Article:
Local docs listed in fed’s query
State’s health care professionals got millions in consulting fees
from Baltimore Business Journal – by Sue Schultz , Staff
Date: Monday, November 26, 2007, 12:00am EST – Last Modified: Wednesday, November 21, 2007, 12:58pm EST
A federal anti-kickback settlement with five leading orthopedic medical device makers has revealed the millions spent in consulting fees for doctors, medical associations, hospitals and universities, including a collective $3.7 million to $4.6 million spent in Maryland this year.
The companies — Biomet; DePuy, a subsidiary of Johnson & Johnson; Smith & Nephew; Zimmer; and Stryker — are among the largest manufacturers of medical devices used in hip and knee replacements. The companies agreed to disclose their consulting relationships and payments as part of a September settlement with the U.S. Justice Department, which investigated them for violations of the anti-kickback law in using consulting agreements and payouts to orthopedic surgeons to promote the use of their products.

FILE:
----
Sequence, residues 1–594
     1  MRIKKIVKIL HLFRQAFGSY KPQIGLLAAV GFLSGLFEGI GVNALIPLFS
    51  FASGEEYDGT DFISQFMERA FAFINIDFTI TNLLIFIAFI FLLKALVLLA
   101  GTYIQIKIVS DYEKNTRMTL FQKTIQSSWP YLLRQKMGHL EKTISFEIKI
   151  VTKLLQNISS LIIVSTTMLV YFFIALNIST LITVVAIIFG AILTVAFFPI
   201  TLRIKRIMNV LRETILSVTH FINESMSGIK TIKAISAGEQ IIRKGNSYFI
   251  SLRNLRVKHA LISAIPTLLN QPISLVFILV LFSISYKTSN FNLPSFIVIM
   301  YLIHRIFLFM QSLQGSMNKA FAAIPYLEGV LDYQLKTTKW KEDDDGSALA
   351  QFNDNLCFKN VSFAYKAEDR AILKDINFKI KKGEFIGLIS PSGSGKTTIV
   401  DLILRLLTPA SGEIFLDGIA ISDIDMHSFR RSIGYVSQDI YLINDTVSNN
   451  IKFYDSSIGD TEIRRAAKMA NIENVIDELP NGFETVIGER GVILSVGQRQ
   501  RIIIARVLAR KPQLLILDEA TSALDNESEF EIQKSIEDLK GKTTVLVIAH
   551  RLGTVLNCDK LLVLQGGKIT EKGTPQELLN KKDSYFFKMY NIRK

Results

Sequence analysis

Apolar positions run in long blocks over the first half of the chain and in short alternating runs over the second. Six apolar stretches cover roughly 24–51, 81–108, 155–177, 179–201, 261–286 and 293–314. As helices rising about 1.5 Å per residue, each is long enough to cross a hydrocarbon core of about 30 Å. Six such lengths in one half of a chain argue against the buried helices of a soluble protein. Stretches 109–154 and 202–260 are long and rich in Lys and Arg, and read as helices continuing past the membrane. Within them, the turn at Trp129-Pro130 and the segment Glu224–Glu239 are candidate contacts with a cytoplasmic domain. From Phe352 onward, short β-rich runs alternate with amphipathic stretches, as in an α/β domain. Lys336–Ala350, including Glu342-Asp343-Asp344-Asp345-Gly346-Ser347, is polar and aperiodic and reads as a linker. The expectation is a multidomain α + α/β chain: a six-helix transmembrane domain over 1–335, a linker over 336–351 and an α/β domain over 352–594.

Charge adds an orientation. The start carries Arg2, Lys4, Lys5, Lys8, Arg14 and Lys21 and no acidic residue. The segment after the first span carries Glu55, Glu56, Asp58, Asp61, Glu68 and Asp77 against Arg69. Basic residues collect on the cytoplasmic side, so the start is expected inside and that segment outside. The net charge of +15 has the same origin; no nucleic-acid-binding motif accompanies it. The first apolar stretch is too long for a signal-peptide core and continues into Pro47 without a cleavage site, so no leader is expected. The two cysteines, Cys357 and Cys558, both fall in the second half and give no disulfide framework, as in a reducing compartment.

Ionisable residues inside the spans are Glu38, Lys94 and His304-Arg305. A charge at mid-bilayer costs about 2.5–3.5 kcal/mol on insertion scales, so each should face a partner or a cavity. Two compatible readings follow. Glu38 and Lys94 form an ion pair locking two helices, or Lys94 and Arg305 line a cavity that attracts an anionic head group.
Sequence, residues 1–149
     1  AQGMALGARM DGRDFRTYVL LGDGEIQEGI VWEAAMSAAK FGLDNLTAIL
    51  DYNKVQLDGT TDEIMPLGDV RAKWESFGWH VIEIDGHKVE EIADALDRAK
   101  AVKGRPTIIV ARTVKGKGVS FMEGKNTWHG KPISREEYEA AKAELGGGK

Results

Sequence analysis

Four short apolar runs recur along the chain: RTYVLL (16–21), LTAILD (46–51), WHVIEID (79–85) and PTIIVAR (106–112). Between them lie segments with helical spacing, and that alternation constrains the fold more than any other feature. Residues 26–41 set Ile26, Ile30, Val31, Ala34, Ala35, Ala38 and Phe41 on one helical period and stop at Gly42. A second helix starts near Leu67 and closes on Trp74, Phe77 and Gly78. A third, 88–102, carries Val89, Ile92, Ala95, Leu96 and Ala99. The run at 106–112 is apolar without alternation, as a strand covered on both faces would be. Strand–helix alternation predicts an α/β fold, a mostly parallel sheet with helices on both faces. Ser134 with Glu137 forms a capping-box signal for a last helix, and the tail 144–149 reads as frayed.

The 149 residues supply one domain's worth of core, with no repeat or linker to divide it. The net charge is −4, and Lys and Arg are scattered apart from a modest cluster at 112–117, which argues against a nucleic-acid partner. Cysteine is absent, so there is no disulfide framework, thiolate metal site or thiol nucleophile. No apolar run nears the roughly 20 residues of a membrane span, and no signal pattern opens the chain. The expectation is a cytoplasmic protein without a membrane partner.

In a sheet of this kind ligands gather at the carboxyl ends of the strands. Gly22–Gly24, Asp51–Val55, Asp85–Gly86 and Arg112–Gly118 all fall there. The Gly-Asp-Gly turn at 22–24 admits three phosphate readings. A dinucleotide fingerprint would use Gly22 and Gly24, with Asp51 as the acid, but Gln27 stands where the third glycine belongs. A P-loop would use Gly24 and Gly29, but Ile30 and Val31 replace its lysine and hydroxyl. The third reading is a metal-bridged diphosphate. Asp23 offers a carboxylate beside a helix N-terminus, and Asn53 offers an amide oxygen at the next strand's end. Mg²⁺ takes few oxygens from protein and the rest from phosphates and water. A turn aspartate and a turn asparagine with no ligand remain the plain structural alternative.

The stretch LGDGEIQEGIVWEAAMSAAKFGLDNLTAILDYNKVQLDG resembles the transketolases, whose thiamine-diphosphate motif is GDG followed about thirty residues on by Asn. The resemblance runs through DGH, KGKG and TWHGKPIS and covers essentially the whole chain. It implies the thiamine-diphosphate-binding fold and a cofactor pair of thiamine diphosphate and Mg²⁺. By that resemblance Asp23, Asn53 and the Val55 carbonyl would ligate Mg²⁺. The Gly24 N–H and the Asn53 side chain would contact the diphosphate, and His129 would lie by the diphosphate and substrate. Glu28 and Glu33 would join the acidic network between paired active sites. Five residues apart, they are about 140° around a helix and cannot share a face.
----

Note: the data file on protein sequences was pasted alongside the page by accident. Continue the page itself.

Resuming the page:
Four of the U.S.-based companies — Smith & Nephew is based in England, with U.S. operations — agreed to pay nearly $311 million in anti-kickback fines to the U.S. Department of Health and Human Services.
While the disclosure of doctors, hospitals and associations doesn’t necessarily imply the groups took kickbacks, it shows the financial influence manufacturers have on health care professionals and what some say is a growing trend of doctors and health officials seeking them out.
“Doctors may be forced to take more chances here in Maryland to earn a living,” Marty Wasserman, executive director of MedChi, the state’s medical society, said of the list of doctors and other professionals with consulting contracts. “They may be forced to go beyond the normal practice of medicine to continue to serve patients and bring in more revenues.”
Two Baltimore orthopedic surgeons topped the lists of local doctors released by the companies, with Dr. David F. Dalury, of Orthopaedic Associates in Towson, receiving as much as $1.3 million from DePuy. Dr. Michael A. Jacobs, a Baltimore orthopedic surgeon who has privileges at several Baltimore-area hospitals, also received as much as $875,000 combined from Biomet and Smith & Nephew, according to the companies’ Web sites.